gigya.com Social Optimization for Online Business
ooyala.com Video Platform, Analytics and Advertising
quantServe.com It’s your audience. We just find it.™
tubemogul.com In-Depth Tracking, Analytics for Online Video | Web Video Syndication
videoegg.com VideoEgg "innovative ad products"
visiblemeasures.com Measure Online Video Advertising
http://www.vizu.com Digital Brand Advertising Measurement. Market Research.

You can see what business they are all in. I’ve added them to my list of sites blocked by InPrivate Filtering. Which reminds me, I must post part 2 of that.

This post originally appeared on my technet blog.

The Browser Choice Screen for Europe: What to Expect, When to Expect It

Filed under: Internet Explorer — jamesone111 @ 9:34 am

Dave Heiner, one of our Vice Presidents and our Deputy General Counsel has posted an explanation of exactly what will be happening.

I would expect something in due course to explain how organizations can prevent their users being presented with the choice screen (if you are using WSUS – and you should be – you should be able to choose not distribute that update. If you are distributing images apply the update and make your browser choice before creating the image, etc.) .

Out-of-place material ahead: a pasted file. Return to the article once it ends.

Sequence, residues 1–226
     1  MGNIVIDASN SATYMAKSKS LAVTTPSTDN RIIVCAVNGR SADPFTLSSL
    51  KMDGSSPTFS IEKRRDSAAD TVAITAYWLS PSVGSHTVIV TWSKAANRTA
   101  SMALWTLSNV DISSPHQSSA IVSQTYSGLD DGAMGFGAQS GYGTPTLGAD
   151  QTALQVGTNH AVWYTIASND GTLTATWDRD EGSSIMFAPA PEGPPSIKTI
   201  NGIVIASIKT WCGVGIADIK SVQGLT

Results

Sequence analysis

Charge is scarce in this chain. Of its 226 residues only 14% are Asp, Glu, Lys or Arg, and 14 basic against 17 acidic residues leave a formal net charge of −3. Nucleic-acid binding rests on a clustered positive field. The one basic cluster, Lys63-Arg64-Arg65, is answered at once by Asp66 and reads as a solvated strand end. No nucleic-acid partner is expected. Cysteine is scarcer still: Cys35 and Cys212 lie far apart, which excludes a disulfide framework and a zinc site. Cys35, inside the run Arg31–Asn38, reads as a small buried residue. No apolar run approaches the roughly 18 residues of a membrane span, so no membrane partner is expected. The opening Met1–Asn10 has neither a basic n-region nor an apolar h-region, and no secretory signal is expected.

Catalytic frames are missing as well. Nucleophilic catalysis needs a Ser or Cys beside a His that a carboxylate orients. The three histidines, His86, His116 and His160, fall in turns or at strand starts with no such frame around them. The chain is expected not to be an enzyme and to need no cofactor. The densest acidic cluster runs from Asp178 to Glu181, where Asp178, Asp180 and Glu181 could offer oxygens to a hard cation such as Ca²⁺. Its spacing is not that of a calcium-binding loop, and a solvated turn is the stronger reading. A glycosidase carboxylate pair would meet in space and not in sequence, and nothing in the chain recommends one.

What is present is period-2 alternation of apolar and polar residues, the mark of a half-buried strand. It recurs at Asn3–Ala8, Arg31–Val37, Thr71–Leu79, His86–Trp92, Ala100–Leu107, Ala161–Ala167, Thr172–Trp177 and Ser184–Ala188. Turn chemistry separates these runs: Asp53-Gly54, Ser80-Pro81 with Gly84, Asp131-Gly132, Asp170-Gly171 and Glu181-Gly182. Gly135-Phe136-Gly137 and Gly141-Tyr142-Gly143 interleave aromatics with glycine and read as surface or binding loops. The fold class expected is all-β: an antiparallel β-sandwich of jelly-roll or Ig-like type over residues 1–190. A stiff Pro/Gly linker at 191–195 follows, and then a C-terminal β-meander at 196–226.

This post originally appeared on my technet blog.

February 18, 2010

How to Kill IE 6

Filed under: Internet Explorer — jamesone111 @ 12:05 pm

Over the next few weeks I’m going to be talking about IE8  (and depending on what gets announced at Mix maybe IE9 as well). Whilst I don’t have the data to prove it I’m convinced a lot of people running Firefox are doing so as a way of getting a modern browser when their company still has something from the last century tying them to IE6.  I suspect a lot of those people have seen demos which prove IE7 is much better than 6 and that IE8 is better, but the demos are always simplified, and you see pages with a single issue conveniently fixed using a click of a button. But it is definitely not that easy. You could have thousands of apps, many of them packaged, or you could be prevented from accessing the code because it is part of a product you bought.  

Why is that last bit in italics ? It’s part of the session abstract for a webcasts which is being run different times of day, over the next few weeks.

The presenter is Chris Jackson, Principal Consultant and the Technical Lead of the Windows Application Experience SWAT Team, Microsoft Corporation (a widely recognized expert in the field of Windows Application Compatibility) . Although I haven’t had a chance to watch it myself, I’ve seen the scores for the first run which said the audience rated it very highly. So if you still have IE6 in place and want to do something about it, this seems like a good place to start. 

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This post originally appeared on my technet blog.

February 17, 2010

Free ebook: Understanding Microsoft Virtualization R2 Solutions

Filed under: Virtualization,Windows Server 2008-R2 — jamesone111 @ 9:28 am

Over on the MSPress blog they have an announcement